Turmoil in Pak Deepens, People ‘Take Over’ Islamabad


KARACHI: Pakistan appeared to be treading toward an uncertain political terrain on Tuesday as arrest orders were issued for a sitting prime minister in a corruption case and a popular cleric called for the government’s resignation leading tens of thousands of protesters into the federal capital.

In an aggressive challenge, Dr Muhammad Tahir-ul-Qadri put the Pakistani government on notice and demanded the President Asif Ali Zardari and Prime Minister Raja Pervez Ashraf resign immediately. 

“This president and prime minister…they are now ex-presidents and prime ministers. Their time is over. Dissolve the national and provincial assemblies by the morning. I am giving you until 11 am to step down or else the people will start making their own decisions,” said Qadri, who many believe to be backed by the country’s military establishment. “These millions of supporters have spoken. They have rejected your so-called mandate. You are no longer their representatives.”

Spearheading the march at Islamabad’s Jinnah Avenue, Qadri roared that the present government had only brought misery to its people and hence must resign and an interim government, backed by the military, take over. 

In a vitriolic attack on the government, he asked the tens of thousands of his supporters to be ready for a do-or-die battle. Qadri said that he wanted a moderate, peaceful and tolerant society in Pakistan and not an ‘extremist’ one. 

Citing Article 40 of Pakistani constitution, Qadri said that it was government’s responsibility to maintain peace inside and outside Pakistan, but the government had badly failed to do so. 

Questioning Pakistan’s dented image, that of a “terrorist state”, the influential cleric asserted that it was the political leadership that was responsible for it. 

“Pakistanis have been fighting at the borders for last 10-12 years. In spite of 12 years of gory sacrifices, we are still looked down upon as a terrorist state… who is responsible for this? “ said Qadri. 

“Our politicians are soaked in corruption from tip to toe… they just want to fleece the poor.” 

He also mentioned Shia killings in Quetta, saying what right do politicians have to sit in Parliament in a nation where people mourn with 120 corpses unburied till four days. 

He sought to kindle the revolutionary spirit in the crowd, egging them to continue the protest until the government resigned. 

Tahir-ul-Qadri, who returned to Pakistan last month after seven years of self imposed exile following death threats, runs a network of religious schools and charities around the world from Canada.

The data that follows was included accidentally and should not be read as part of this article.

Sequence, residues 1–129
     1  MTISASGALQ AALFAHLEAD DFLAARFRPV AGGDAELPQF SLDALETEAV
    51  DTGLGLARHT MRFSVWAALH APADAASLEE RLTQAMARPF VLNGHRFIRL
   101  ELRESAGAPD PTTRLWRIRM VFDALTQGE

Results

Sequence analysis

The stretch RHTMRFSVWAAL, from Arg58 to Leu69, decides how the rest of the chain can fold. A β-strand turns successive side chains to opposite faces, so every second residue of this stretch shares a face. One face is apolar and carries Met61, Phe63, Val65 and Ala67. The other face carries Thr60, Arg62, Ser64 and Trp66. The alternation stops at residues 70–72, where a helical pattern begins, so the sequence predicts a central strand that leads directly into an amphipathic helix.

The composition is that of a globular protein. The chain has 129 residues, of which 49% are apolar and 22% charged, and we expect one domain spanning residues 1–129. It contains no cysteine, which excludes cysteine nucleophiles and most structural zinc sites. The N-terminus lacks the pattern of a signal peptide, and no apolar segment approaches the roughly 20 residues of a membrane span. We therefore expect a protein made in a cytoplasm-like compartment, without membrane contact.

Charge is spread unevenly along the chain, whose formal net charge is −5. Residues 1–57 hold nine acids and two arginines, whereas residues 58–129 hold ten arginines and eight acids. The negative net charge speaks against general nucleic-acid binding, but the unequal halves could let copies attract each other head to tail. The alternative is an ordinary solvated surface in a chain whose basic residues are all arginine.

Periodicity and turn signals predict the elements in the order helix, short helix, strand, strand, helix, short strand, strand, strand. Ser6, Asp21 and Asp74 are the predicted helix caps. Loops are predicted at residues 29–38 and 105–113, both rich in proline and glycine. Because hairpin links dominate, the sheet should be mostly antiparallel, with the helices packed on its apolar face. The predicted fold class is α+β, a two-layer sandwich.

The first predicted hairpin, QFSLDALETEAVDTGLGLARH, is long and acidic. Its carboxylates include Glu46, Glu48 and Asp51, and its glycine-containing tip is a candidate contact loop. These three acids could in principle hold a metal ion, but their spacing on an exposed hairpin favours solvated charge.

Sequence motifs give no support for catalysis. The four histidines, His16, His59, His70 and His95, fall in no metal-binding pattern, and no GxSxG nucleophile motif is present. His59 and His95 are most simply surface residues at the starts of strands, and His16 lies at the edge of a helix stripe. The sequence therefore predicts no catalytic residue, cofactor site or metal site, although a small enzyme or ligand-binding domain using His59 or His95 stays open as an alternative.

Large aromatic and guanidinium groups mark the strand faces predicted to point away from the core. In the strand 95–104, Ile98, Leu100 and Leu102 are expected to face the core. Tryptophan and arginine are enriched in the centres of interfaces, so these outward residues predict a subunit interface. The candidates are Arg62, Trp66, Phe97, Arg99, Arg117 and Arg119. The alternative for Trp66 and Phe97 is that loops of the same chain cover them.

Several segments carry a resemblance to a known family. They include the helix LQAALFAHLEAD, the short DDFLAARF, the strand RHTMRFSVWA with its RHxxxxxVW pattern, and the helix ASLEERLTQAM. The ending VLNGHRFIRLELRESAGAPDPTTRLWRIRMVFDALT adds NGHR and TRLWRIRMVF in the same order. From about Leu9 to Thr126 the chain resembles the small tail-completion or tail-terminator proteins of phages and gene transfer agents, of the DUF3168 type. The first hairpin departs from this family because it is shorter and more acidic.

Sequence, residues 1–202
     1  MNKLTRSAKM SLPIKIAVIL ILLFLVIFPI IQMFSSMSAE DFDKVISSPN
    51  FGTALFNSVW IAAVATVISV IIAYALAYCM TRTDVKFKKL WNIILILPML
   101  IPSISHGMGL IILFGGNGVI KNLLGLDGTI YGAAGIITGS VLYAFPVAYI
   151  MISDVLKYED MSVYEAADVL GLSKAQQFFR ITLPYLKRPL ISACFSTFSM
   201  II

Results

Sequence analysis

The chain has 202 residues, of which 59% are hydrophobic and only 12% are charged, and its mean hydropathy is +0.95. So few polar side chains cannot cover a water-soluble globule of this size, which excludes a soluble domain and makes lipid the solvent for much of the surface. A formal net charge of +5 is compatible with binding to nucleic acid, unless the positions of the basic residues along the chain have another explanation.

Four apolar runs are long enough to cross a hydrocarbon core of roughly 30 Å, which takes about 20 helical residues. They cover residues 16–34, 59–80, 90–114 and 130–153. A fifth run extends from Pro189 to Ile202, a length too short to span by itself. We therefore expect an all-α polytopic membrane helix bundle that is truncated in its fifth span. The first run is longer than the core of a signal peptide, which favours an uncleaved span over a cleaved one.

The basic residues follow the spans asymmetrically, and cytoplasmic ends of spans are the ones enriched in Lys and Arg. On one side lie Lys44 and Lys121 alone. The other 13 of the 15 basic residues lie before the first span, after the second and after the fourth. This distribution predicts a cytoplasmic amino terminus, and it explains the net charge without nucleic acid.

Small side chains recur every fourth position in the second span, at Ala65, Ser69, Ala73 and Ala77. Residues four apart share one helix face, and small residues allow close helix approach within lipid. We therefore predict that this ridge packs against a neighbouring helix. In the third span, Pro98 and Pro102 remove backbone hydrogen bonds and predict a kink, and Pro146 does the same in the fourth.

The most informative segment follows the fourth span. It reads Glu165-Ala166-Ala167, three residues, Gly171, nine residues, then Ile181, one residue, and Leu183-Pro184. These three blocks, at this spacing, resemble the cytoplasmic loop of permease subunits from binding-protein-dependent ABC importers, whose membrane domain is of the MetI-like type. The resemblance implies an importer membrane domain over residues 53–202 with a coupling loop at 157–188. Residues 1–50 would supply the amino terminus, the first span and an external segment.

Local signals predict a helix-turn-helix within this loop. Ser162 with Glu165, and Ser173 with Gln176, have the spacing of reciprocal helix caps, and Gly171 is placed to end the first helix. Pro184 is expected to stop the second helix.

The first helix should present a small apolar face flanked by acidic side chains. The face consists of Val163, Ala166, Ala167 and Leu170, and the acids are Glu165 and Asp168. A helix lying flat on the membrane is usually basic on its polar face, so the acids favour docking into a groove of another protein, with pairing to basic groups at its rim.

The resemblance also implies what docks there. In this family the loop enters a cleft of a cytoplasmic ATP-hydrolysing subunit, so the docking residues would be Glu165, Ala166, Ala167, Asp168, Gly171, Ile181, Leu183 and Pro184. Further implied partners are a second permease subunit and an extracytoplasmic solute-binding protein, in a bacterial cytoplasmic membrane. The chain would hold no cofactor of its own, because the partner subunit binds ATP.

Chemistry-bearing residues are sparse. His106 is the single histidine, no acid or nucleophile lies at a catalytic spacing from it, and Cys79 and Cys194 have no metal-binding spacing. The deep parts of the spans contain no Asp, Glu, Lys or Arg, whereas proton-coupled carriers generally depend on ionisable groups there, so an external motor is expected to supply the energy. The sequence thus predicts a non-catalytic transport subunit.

Qadri, who supported the Musharraf regime during its initial years, is said to have the backing of the military, which wants to influence the electoral process. 

adri’s challenge to the government comes as Pakistan’s civilian government is set to see a Prime Minister make it the full five years for the first time and hold independent elections, which the military may perceive as a threat to its power. 

Pak govt baffled

Government officials said they were baffled by the arrest order, which came hours after Chief Justice Iftikhar Chaudhry said elections should go ahead as scheduled.

“This was totally unexpected,” an official in Ashraf’s office told Reuters. “The prime minister and two or three of his friends were watching Qadri speak on television and this suddenly happened.”

Pakistan’s stock exchange fell by more than 500 points, or nearly three per cent, on news of the court order, due to fears over fresh political turmoil, which comes against a backdrop of militant bombings and tension on the border with India.

Qadri, who played a role in backing a military coup in 1999, threatened to remain camped out near the federal parliament with thousands of supporters until his demands for the resignation of the government were met.

The fiery orator returned home from Canada less than a month ago to lead a call for electoral reforms to bar corrupt politicians from office that has made him an instant hit among Pakistanis disillusioned with the state.

In a speech from behind a bullet-proof shield in front of parliament, Qadri praised the military and the judiciary, the country’s two other power centres.

“(The government) has wasted and brought a bad end to our armed forces, those armed forces who are highly sincere, highly competent and highly capable and highly professional,” he said, alternating between Urdu and English.

“Even they can’t do anything because the political government isn’t able to deliver anything from this land. Judgments are being passed by our great, independent judiciary but the government is not ready to implement them.”

Qadri is demanding that the government dissolve the legislature and announce the formation of a caretaker government to oversee the run-up to elections.

He told Reuters on Friday that the military could play a possible role in the selection of the interim administration, a stance which has sharpened fears he may be working at the army’s behest. The military denies any ties to him.

One senior military officer, who said he was speaking in a purely personal capacity, said there was no appetite in the military to repeat the coups seen in Pakistan’s past, but added the stand-off could be resolved if the army played a role in the formation of a caretaker government as a “moderator”.

“We should try as far as possible to abide by the constitution and law in looking for change. The army chief has made this clear,” the officer told Reuters.

“But things seem to be moving beyond control,” the officer added. “It is totally incorrect to say the army is behind Qadri. But if he brings thousands of people to the streets and things get worse, there may be very few options.” Agencies


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